Given the complexities of the global wood trade and the difficulty of deciphering a product’s source of wood, the World Resources Institute (WRI), the Environmental Investigation Agency (EIA-US and the US Agency for International Development (USAID) have banded together to create a global initiative, the Forest Legality Alliance, to aid private corporations to reduce the trade in illegal wood.
"Some companies are not aware of the need to ask questions about the wood they are buying or the consequences of letting illegal wood enter their supply chains," explains Craig Hanson, director of WRI’s People and Ecosystems Program, in a press release. "The Alliance seeks to build confidence that imported wood and paper products are legal."
The EU and other countries appear to be quickly following the US’s heels in working to stem the pervasive illegal trade in wood. Currently the EU is near approving a ‘due diligence’ regulation that would curb illegally sourced wood, while Australia is also mulling legislation to ban illegal wood.
"From musical instruments to textbooks, legislation in the United States and abroad is fundamentally changing how wood and everything that is made from wood is traded and produced," said Sascha von Bismarck, executive director of EIA. "Suppliers unaware of these emerging policies could face financial repercussions in addition to reputational risk."
The Alliance will distribute information to businesses to help them avoid purchasing illegal wood. It will work with importers and supply chins to help them understand the new and emerging laws related to wood products. In addition, the international group is working to develop online resources to help companies conduct ‘due care’ under the law—which means the "degree of care which a reasonably prudent person would exercise under the same or similar circumstances"—and fill-out import declarations.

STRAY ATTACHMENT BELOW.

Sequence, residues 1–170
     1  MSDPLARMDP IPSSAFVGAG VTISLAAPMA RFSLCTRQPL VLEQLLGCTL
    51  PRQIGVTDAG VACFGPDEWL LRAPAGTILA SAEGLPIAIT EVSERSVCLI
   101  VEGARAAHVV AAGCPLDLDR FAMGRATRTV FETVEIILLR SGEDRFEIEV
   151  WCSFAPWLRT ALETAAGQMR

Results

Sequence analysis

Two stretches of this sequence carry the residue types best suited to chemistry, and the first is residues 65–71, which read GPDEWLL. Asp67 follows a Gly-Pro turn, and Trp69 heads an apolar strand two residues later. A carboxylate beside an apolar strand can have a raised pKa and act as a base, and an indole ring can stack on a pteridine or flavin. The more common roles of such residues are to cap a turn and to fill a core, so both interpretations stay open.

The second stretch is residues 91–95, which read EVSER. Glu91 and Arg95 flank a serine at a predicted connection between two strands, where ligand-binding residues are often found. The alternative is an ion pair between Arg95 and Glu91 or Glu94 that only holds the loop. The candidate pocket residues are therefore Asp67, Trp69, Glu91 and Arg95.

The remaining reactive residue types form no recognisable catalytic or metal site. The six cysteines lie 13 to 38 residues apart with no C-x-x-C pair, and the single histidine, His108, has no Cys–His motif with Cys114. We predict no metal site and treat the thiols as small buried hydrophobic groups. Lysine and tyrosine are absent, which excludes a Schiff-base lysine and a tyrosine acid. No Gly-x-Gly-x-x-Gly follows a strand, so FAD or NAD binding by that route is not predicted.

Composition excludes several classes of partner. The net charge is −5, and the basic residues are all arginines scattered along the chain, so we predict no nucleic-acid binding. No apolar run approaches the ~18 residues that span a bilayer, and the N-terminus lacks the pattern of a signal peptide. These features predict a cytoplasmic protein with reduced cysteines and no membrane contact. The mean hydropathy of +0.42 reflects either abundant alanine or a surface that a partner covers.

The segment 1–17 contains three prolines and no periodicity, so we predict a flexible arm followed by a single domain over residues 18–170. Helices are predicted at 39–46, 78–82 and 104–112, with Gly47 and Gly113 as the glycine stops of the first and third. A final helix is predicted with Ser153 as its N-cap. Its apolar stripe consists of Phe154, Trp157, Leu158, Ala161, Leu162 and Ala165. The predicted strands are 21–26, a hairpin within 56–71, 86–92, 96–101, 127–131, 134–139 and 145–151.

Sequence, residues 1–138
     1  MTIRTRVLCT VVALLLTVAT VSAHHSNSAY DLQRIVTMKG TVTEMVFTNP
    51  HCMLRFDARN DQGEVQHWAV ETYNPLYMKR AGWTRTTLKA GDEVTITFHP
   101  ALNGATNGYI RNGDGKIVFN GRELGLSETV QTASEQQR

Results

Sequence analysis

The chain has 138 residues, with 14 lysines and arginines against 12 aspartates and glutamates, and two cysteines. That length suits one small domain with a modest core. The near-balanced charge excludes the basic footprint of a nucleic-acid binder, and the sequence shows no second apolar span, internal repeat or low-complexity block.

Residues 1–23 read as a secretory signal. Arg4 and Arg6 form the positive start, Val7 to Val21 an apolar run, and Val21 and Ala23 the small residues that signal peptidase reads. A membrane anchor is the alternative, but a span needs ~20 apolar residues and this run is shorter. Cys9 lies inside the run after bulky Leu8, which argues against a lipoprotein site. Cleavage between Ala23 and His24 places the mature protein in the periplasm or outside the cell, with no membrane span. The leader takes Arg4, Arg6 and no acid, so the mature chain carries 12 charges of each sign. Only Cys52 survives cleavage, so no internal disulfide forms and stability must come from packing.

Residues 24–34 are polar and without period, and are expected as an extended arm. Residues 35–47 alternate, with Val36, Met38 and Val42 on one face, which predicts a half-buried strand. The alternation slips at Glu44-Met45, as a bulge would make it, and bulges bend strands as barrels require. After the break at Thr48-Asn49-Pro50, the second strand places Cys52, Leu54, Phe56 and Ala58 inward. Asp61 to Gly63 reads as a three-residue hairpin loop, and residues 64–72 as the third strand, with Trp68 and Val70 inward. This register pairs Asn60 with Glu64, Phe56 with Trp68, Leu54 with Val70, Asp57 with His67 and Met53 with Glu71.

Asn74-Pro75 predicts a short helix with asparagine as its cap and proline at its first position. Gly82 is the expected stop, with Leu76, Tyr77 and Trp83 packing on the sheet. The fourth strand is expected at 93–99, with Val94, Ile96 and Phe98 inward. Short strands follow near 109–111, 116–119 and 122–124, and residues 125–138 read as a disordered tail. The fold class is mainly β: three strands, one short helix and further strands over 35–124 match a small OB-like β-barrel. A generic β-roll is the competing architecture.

Other Alliance partners include the American Forest & Paper Association, the Hardwood Federation, IKEA, the International Wood Products Association, NewPage Corporation, the Retail Industry Leaders’ Association, Staples Inc, and the World Business Council for Sustainable Development.
Illegal logging is linked to biodiversity loss, greenhouse gas emission, as well as indigenous and human rights. Often illegal logging occurs when areas are deforested for agriculture or livestock use: felled trees are sold for wood products abroad. In some countries even protected areas, such as National Parks, are logged illegally with the wood making their way abroad for consumer products.
Forests continue to fall worldwide at staggering rates: during the 2000s, 13 million hectares of forest were lost every year according to the FAO. While this was a decrease in forest loss from the 1990s, the FAO describes it as ‘alarmingly high’. Four million hectares of primary or old-growth forests were also lost during the 2000s. To date, 13 percent of the world’s forests are under some form of protection, while 30 percent are used primarily for production of goods.